On a Sunday morning on the Nicaraguan island of Rama Cay, Becky McCray visits with her family in her parents’ home over a breakfast of beans, coconut rice, coconut bread, and thick coffee, with the grounds still swimming in the bottom of the cup. The food was prepared over an open fire in a wall-less kitchen building; the aroma of coffee mingles with the wood smoke and the salty sea breeze.
Like other traditional homes built by the Rama, Nicaragua’s smallest indigenous group, McCray’s parents’ wooden home sits on stilts. The planks of the floor and walls are fitted together loosely, so you can see chickens scratching underneath from inside. The roof is made of thatched palm leaves and the windows are square holes, with solid wood shutters to close out violent evening winds.
Ten of McCray’s 11 adult siblings still live on Rama Cay, a 22-hectare island that rises from the water like a set of oversized goggles about a kilometer and a half off Nicaragua’s Caribbean coast. The island is home to roughly half of the Rama’s 2,000 or so community members; McCray and another sister traveled from Bluefields, the closest city, 20 minutes by motorboat up the coast. Some of their children, aged two through 11, race through the house. The family members joke with one another in Rama English (also known as Rama Cay Kriol), the native language for most members of the Rama community. This English creole is incomprehensible to speakers of standard English.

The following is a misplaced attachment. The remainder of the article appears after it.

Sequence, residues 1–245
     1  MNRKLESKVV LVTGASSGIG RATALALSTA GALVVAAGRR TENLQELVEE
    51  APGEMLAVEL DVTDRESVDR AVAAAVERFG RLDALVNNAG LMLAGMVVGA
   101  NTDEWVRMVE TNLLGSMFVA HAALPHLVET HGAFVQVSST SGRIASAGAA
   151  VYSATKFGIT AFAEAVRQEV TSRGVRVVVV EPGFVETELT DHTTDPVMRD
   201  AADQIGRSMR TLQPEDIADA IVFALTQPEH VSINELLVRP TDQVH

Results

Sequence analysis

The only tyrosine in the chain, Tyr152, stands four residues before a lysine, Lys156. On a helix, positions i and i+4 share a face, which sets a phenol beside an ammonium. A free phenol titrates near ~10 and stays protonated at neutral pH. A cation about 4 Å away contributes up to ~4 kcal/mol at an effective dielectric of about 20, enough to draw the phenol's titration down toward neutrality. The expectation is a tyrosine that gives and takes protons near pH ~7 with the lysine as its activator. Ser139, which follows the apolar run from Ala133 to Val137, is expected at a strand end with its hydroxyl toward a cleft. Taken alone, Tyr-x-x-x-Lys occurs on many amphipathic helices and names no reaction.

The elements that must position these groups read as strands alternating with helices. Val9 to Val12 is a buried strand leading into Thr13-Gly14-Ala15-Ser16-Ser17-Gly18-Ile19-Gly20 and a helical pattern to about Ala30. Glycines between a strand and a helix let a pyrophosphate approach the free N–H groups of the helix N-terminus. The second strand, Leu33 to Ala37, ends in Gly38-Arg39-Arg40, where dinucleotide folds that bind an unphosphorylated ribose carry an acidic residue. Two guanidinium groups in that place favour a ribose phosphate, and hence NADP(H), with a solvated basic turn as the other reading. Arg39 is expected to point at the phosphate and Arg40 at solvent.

One brother talks about his upcoming fishing trip—he’ll fish from a traditional wooden dory on the open ocean and sell his catch on the mainland. Fishing is his primary source of income, as is common for Rama men. Elsewhere on the island, both men and women are preparing their canoes for a trip inland to plant corn, beans, and breadfruit in their farmland.
Unlike most Rama, Becky McCray has a college degree and speaks fluent Spanish. In between laughing with her siblings and nephews, she discusses her work as a legal defender for indigenous communities in Nicaragua’s Caribbean region. Recently, most of her personal and professional energy has been focused on protecting the Rama’s territory from being bisected by an interoceanic canal.
“Where they are going to put the canal is where our people go to fish. They survive by that,” she says.
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